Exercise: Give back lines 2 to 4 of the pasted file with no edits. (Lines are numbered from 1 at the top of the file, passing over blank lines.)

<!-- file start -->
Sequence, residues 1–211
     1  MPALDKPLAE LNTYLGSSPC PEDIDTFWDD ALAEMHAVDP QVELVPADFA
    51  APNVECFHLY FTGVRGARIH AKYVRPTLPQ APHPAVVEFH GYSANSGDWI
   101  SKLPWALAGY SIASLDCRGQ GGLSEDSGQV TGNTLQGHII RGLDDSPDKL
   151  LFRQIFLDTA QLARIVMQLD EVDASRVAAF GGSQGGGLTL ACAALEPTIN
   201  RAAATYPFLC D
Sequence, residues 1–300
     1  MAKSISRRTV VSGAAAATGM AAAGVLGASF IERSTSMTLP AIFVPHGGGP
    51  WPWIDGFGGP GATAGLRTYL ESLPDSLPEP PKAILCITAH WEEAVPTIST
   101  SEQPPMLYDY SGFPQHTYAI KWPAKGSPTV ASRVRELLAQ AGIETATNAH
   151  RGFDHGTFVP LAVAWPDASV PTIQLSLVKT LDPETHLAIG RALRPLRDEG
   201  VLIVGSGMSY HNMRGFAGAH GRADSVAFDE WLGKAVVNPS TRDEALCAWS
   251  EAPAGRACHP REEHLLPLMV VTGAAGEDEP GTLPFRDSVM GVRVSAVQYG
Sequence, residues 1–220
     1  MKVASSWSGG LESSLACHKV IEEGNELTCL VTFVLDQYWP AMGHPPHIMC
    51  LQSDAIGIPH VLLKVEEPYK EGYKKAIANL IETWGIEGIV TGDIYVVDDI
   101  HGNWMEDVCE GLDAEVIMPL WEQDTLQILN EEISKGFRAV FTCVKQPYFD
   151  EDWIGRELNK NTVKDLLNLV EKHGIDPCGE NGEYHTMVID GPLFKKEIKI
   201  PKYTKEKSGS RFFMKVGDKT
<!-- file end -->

     1  MPALDKPLAE LNTYLGSSPC PEDIDTFWDD ALAEMHAVDP QVELVPADFA
    51  APNVECFHLY FTGVRGARIH AKYVRPTLPQ APHPAVVEFH GYSANSGDWI
   101  SKLPWALAGY SIASLDCRGQ GGLSEDSGQV TGNTLQGHII RGLDDSPDKL